The lifts at Park City Mountain kept spinning this week after Vail Resorts and the ski patrol union reached a collective bargaining agreement, narrowly averting a strike that 98% of union members had voted to authorize.
Tensions had been building over a year and a half as the two parties met for 50 bargaining sessions without substantial progress. Ski patrollers, who provide medical care on the slopes and mitigate avalanches, picketed last year for higher wages.
But it was only after raising a $100,000 solidarity fund from the community and threatening to walk off the job — an action which would have likely closed Utah’s biggest ski resort — that the publicly traded vacation giant Vail Resorts presented an offer that the union members found acceptable, raising their wages from an average of $15.32 per hour last year to an average of $19 per hour, with other added benefits.
The deal was reached after 15 hours of negotiations last Wednesday and was later approved by the majority of the ski patrol union’s membership.
“That meeting was the first time we’ve seen any real progress from the company at the bargaining table in 17 months,” said Patrick Murphy, the business manager for the Park City Professional Ski Patrol Association. “I do think that the company seeing our solidarity fund and our strike authorization vote — I think that carries a lot of weight and showed them that we meant business.”
The union — whose motto is, “United we bargain, divided we beg” — had long held out for a $17 dollar starting wage for ski patrollers, which is offered at other major ski resorts across the western United States.
Vail Resorts refused to meet those terms, which Murphy, who’s worked on the Park City ski patrol for five years, said was disappointing. The base wage under the new contract is $15 per hour, but ski patrollers on the Park City side of the mountain who sign up to work a shift out of the connected Canyons base area, or vice versa, will receive a $1 per hour raise for the entire season. That provision makes it so $16 is essentially the new starting wage, he said.
Although it’s a significant increase from the $13.25 base wage patrollers were paid before the deal, many union members voted against the new contract because they felt it failed to recognize the value ski patrollers provide to the multi-billion dollar company.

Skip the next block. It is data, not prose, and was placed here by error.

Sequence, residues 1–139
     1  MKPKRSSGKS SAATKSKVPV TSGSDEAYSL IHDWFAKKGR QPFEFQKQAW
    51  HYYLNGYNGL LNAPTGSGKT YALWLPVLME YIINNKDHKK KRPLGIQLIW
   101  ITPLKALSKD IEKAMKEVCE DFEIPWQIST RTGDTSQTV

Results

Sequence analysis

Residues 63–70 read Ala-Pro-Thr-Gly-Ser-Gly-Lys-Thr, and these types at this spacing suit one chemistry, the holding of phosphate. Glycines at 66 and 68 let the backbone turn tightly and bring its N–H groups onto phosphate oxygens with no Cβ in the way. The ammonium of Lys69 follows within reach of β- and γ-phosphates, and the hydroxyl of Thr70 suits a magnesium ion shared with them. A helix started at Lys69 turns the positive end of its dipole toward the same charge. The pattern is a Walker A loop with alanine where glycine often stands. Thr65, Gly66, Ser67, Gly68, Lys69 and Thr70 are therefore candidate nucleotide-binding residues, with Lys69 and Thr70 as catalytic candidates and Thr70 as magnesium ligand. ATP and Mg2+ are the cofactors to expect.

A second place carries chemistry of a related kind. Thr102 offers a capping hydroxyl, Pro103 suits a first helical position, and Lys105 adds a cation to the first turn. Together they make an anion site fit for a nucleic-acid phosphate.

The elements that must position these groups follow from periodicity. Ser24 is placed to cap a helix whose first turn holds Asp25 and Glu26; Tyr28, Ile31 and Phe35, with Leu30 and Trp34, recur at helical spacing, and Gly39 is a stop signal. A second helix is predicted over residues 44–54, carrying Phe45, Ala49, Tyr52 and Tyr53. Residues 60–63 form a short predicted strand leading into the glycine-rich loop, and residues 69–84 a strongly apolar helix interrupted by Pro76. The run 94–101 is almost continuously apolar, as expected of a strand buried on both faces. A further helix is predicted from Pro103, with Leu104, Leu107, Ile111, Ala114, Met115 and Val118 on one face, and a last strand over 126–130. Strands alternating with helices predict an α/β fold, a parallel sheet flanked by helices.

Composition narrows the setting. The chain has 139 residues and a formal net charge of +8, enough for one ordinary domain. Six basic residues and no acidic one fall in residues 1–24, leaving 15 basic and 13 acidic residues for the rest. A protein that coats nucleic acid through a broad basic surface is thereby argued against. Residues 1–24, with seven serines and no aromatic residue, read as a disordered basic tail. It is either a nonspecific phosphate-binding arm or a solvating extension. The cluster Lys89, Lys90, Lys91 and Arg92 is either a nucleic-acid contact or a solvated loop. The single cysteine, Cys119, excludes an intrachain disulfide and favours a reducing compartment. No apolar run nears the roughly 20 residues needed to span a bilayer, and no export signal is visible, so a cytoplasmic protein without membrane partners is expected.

“There were a lot of things that we wanted that we didn’t get out of this,” Murphy acknowledged.
He said the deal syncs the Park City union’s upcoming bargaining sessions with ski patrol unions at other Vail-owned resorts, which he believes will give patrollers more leverage in the future.
Vail Resorts and the union released a joint statement last week that said they were “appreciative of the engagement and commitment on both sides.”
Vail did not respond to a request for comment after the contract was approved.
Human labor behind the ‘wilderness’ experience
All non-union Vail employees received a pay bump this year to a minimum of $15 per hour, but that has not been enough to attract sufficient staff to many of its resorts.
Park City has kept several of its lifts closed this year due to a staffing shortage, and other Vail-owned ski areas like Stevens Pass in Washington state have opened less than half of their terrain, sparking threats of a class-action lawsuit from pass holders.
The nationwide staffing shortage has given employees more bargaining power over the last year and may have been a contributing factor to a wave of strikes in the fall. But strikes in the ski industry have been exceedingly rare, according to Jesse Ritner, a Ph.D. student at the University of Austin, who runs a skiing history blog.